Our local National Trust property, Attingham Park, is just a 20 minute drive away. We are so lucky as within the grounds are several different walks to choose from including woodland walks, but we also love visiting the renovated walled gardens. When we first visited Attingham Park years ago now there were very few walks accessible, the walled gardens were in a poor state of repair and the refreshment facilities were poor. Things have certainly changed for the better!

In late November we decided to go for a walk around the woodlands and explore the walled garden to see what was going on. The improvements become immediately obvious as there is now a new entrance building and a newly refurbished Carriage House Cafe in the stable yard. After sampling the delights in the cafe we wandered off towards the Walled Garden one of our favourite elements of the Attingham Estate. In the Stable Yard sits a little sales hut selling produce from the walled garden, freshly picked and delivered by bike.

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The Walled Garden was originally created way back in 1780 and its job was to provide the estate with fresh fruit and vegetables throughout the year. Looking at it now it is hard to believe that it fell into total disuse and dereliction. An amazing team of volunteers have recently brought it back to life. It no longer produces food for the “big house” but instead sends its organic produce up to the restaurant and cafe and for sale to the visitors.

One of the impressive features of the Walled Garden is the amount of information boards placed carefully to keep visitors fully informed. Before passing through the gateway into the garden itself we always love seeing the beautifully trained fruit on the outside wall.

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Taking a step inside and the garden came to life before our eyes, volunteers busy harvesting, weeding the beds and clearing ground ready for winter digging.

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The volunteer gardeners enjoy getting creative with Birch and Hazel boughs and branches and their bean supports, tunnels and wigwams always look impressive.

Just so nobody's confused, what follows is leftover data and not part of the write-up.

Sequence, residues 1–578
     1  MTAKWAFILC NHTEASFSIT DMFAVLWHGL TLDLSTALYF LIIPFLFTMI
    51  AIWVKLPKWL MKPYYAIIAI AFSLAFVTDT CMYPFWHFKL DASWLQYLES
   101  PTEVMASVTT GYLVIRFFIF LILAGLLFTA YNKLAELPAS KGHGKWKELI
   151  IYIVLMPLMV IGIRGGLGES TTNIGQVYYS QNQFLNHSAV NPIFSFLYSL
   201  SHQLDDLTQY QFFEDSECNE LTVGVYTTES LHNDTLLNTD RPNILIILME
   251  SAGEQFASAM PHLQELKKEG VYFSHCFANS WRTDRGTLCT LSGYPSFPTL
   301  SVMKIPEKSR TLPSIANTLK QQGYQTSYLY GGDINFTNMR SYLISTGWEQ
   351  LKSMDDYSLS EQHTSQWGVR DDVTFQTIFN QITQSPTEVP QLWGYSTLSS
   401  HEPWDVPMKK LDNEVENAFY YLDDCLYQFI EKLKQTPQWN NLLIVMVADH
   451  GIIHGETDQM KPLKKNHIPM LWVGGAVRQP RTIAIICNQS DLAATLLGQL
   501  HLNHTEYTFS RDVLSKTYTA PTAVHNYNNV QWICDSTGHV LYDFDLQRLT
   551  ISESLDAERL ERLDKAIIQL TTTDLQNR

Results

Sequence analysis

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It was good to see sound organic principles being used here, barriers, green manures and companion planting and herbaceous borders to attract beneficial insects, predators and pollinators.

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As we moved into the glasshouse area we were impressed  by the renovation work being carried out on the glasshouse ranges. Information boards show visitors what the area looked like prior to its rescue.

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Cut flowers were also grown here and even in November the Dahlias were flowering well due to the protection of the walls and protection from Earwigs provided by the old fashioned method of putting a pot stuffed with straw on top of a cane.

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On a cold day a look inside the gardeners bothy proved to be a welcome time to warm up and enjoy the displays.

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Exiting the Walled Garden via the orchard gave us a chance to look at the front of the old red brick buildings. The Walled Gardens here at Attingham are worth visiting throughout the year as there is always something interesting going on. We are so lucky having this national trust property so close to Shrewsbury.

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From the walled gardens we wandered off into the woodlands following one of the marked trails. My next post will feature what we found there.